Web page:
What Ginny Weasley and Anne of Green Gables taught me about feminism
There is no one singular way to be anything: no perfect way to be a friend, a lover, a feminist, or a woman. But that that’s rarely the information we’re given. When it comes to the kind of women that young girls are taught to be, there are enough mixed messages to drown in.
I’ve been fortunate to have wonderful women to look up to, but two of my greatest role models in the world of feminism are fictional redheads.
Anne of Green Gables came into my life first. I grew up on a lot of didactic children’s books—the kind that mistake “being prim and tidy” for being morally good, and have characters that I found alienating. Anne, on the other hand, inspired me to be like her.
She taught me that women could be considered good without being faultless; there was no reason to pretend to be perfect. Anne certainly wasn’t and people loved her anyway—she had a temper, couldn’t turn down a dare, and aggravated everyone by holding a grudge against Gilbert Blythe (clearly her one true love) for almost a decade. By any modern test, she isn’t a “Strong Female Character.” She’s praised most for her feminine qualities (she keeps a good breadbox!), and, in the later books of the series, essentially sets her writing career aside to be a wife and mother of six.
But none of that makes her weak. She is a loyal and devoted friend, an intelligent and dedicated student, and a loving daughter. Seeing Anne so happy in a domestic sphere made me realize there’s nothing wrong with women wanting to be there. Not everyone needs to have an ambitious career; she showed me that women don’t all have to follow the same life path in order to be happy or fulfilled. I’ve met young women whose main goals for the future are having a family and being stay-at-home moms. And most of them have seemed half-ashamed of this, telling me that they know it isn’t “feminist” enough.
But I don’t believe that feminists are fighting to make every woman a CEO. Instead, they’re trying to ensure that every woman has the opportunity to be one if she so chooses. If anyone wants to move to Prince Edward Island, be a stay-at-home parent, and host the Ladies’ Aid quilting sessions, I will be the first to support her (or him).
I think Anne is an incredible role model. And yes, the girl is old-fashioned (she was written in the early 1900s). But she’s smart, empathetic, and nonjudgmental. Those qualities don’t go out of style.
My second redheaded role model is a little more modern. Ever since I read Harry Potter and the Sorcerer’s Stone, I’ve loved Ginny Weasley. Which is a little weird, since she only shows up twice in the first book. But she was a little sister and I was a little sister, so I felt as though we had some kind of connection. Yes, she’s pretty awkward through book four, but that hardly bothered me—so was I! And no matter how shy she was around Harry, her true character always managed to shine through. She stuck up for Harry against Malfoy in the second book and turned down the chance to go to the Yule Ball with him in the fourth because she had already promised to go with Neville.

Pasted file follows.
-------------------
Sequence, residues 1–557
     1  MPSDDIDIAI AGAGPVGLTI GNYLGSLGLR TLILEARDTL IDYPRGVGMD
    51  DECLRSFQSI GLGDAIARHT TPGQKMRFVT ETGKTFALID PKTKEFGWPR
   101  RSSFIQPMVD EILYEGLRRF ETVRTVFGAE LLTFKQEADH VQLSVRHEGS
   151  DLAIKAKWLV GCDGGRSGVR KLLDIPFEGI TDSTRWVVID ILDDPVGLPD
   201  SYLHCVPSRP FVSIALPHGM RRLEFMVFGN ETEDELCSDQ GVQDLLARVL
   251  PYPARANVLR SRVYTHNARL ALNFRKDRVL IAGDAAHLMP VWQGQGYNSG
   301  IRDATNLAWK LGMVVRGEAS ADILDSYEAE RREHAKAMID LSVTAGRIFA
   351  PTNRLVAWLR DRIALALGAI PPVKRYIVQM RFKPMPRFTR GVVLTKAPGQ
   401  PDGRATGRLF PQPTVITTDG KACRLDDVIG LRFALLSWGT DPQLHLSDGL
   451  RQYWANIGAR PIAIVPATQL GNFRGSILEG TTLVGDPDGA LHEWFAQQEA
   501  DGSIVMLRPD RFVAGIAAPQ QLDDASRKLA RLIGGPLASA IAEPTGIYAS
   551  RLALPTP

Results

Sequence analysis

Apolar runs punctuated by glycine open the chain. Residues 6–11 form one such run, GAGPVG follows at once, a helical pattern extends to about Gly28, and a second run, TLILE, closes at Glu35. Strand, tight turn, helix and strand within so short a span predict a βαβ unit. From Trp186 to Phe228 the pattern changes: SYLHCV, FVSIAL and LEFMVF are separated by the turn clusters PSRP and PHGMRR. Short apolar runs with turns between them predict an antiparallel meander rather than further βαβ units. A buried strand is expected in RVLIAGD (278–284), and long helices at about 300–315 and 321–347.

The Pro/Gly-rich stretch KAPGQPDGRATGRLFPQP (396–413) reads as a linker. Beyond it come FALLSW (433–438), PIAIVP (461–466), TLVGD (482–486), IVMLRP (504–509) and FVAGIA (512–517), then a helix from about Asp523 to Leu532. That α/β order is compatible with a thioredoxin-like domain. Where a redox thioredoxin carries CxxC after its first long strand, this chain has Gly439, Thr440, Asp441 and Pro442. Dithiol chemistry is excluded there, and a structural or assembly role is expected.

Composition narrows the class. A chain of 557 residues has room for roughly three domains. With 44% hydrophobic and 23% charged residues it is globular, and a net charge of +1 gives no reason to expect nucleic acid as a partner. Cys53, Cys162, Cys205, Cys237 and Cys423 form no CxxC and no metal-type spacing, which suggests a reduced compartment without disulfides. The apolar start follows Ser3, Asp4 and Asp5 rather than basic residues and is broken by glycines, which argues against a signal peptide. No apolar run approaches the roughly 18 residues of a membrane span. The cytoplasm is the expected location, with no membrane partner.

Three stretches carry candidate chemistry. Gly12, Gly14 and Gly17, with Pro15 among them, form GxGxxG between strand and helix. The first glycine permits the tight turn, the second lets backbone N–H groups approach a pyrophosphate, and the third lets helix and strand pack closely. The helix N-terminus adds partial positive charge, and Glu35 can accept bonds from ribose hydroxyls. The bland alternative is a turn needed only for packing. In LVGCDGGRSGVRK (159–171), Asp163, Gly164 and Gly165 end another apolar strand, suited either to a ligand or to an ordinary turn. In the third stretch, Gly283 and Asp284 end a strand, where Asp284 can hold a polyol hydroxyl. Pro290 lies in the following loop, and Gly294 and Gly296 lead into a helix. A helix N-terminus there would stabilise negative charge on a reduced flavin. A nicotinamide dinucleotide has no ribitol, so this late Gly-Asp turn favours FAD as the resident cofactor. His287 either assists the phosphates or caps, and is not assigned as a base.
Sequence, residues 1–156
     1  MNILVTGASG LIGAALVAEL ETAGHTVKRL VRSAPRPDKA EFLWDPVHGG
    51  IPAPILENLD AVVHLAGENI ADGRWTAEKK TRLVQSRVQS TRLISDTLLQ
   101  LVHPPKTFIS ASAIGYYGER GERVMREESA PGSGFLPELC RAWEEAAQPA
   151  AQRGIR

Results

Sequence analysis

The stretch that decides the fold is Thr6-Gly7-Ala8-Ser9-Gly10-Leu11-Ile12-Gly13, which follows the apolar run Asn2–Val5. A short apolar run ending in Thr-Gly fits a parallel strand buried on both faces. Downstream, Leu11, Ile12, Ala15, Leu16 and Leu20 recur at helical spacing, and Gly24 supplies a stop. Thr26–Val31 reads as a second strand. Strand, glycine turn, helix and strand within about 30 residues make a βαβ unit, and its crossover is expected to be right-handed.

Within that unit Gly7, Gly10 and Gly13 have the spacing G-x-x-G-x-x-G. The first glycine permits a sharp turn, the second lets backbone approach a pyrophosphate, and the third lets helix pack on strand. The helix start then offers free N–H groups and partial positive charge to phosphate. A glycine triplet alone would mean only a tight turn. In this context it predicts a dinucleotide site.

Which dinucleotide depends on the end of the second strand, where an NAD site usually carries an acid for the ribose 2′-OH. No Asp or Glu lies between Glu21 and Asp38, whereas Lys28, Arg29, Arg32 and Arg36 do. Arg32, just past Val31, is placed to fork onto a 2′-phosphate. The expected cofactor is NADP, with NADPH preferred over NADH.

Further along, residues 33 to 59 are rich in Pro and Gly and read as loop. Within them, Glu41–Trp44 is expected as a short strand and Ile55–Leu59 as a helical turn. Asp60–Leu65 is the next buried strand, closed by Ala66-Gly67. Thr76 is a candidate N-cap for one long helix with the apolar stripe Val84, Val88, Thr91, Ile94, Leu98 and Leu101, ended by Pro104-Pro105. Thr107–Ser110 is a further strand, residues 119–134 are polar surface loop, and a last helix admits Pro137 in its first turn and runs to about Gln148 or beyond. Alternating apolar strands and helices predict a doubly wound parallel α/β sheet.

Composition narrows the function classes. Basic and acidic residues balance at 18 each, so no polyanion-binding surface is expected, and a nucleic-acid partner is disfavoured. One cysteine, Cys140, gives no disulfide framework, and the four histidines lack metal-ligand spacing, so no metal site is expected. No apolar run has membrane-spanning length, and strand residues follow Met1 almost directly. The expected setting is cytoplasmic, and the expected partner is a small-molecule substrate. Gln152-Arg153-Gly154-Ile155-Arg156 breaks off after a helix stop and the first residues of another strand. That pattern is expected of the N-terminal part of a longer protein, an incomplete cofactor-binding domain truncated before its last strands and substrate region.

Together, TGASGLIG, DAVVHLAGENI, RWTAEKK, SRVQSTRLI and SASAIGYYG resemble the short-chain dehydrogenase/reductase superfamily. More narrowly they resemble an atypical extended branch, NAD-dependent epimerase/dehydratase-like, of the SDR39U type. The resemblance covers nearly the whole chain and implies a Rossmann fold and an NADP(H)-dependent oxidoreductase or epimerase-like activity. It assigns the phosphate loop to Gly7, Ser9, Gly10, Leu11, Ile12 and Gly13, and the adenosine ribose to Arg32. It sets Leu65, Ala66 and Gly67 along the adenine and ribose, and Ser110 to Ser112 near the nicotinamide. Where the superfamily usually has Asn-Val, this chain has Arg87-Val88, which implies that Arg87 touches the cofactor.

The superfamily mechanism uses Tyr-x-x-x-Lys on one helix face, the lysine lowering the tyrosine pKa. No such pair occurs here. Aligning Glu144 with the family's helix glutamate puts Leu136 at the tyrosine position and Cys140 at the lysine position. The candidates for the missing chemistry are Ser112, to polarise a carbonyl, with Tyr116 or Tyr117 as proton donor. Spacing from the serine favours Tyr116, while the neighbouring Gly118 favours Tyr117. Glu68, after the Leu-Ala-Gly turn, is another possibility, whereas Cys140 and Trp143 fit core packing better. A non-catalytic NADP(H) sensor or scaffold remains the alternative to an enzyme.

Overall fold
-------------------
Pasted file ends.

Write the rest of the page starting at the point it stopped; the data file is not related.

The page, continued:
In the fifth book, Ginny started to grow into herself. She named Harry’s resistance group, she proved herself an adept Quidditch player, she was the only one willing to stand up to Harry when he sunk into an angsty stupor over potentially being possessed by Voldemort. And she said one of my favorite lines in the entire series: “anything’s possible if you’ve got the nerve.”
But it seemed as if no one shared my love for her. Fansites said she was a “Mary-Sue” (a disparaging term for a female character written without any flaws), and my friends were up in arms after the sixth book about her “promiscuity” (she made out with her boyfriend in an empty hallway! She dated two boys in two years!).
Maybe she could have been written better, but that’s something detractors will have to take up with JK Rowling. To me, Ginny embodies the bravery of Gryffindor. After being possessed by the most powerful dark wizard in history, she found the courage to continue at Hogwarts. Not being allowed to play Quidditch with her brothers, she broke into the broom closet and practiced on her own. And faced with the fact that the boy she loved would probably never love her back, she tried her hardest to move on.
I read Harry Potter and the Half-Blood Prince when I was twelve. At the time, I was going to Catholic school and being raised in a conservative Indian-American household. I had never given sexuality much consideration, but I knew that “good girls” weren’t supposed to date around or be sexually active.
But I loved Ginny, so I decided that was nonsense. I can chart the exact moment in time when I decided never again to judge a girl for her sexual choices, and it was that year, as I defended one of my favorite redheads against a close friend who said she didn’t like Ginny because she was too promiscuous. It didn’t seem fair or right to me that courage and patience and fortitude could be cancelled out by sexual desire.
Anne and Ginny don’t have a lot in common besides being fictional, redheaded, and hailing from nations which have the Queen of England as their figurehead. But they both taught me that there is no one way to be a woman, no one way to be happy or fulfilled.
All you have to do is live the life you want to; after all, anything’s possible if you’ve got the nerve.
[Illustration by author]